Iceland votes on debt payments to UK, Netherlands

People in Iceland are getting ready to vote on the proposal to use £3.5 billion of taxpayers' money to pay Britain and the Netherlands.

The payments are to be made because governments in those countries had to bail out their citizens who lost their deposits when the banks in the nation collapsed during the financial crisis.

People are angry over the proposal and are most likely to vote 'no' in the referendum. People say that it is bullying and profiteering by bigger nations. Pre referendum poll shows that about three quarter of the Iceland's population of 320,000 citizens will vote NO.

The vote comes as the nation is already struggling deep recession, risks of falling on the credit ratings and its ability to borrow funds from international bodies like the International Monetary Fund and even the nation's desire to enter the European Union.

The country has been trying to again discuss a deal with other European creditors after the president refused to sign Icesave bill into law in January. The president's refusal to sign the deal has resulted in the national poll.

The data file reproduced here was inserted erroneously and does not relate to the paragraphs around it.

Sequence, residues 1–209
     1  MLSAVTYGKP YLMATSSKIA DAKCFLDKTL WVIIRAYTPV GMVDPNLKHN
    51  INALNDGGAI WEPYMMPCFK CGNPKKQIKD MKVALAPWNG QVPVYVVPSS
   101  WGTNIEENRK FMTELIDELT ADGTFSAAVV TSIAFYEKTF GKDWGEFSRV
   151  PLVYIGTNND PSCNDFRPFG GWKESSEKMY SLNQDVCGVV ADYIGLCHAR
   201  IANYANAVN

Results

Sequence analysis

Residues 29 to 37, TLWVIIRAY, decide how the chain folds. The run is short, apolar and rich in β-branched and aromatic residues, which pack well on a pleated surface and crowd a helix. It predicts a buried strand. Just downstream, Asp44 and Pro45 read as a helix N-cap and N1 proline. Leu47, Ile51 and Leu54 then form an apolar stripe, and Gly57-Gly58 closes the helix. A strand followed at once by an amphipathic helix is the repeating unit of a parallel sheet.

The issue of contention is the payment of £2.3 billion to Britain and £1.2 billion to the Netherlands. The payments are to me made as compensation for the funds, these countries paid investors who has savings account in Icesave internet bank. The government in Britain and The Netherlands are believed to have paid out to more than 340,000 investors.

After the collapse of three of Iceland's biggest banks the country was overwhelmed with its deposit-insurance scheme. Most of the citizens now believe that they should not be made to pay for the mistakes of their government.

The two countries have offered a new term with a floating rate of interest on the debt plus 2.75%. The original deal last year had determined the rate at 5.5%.

Britain said that its best offer had been turned down. Iceland is expecting a better deal to win the support of the people and the president.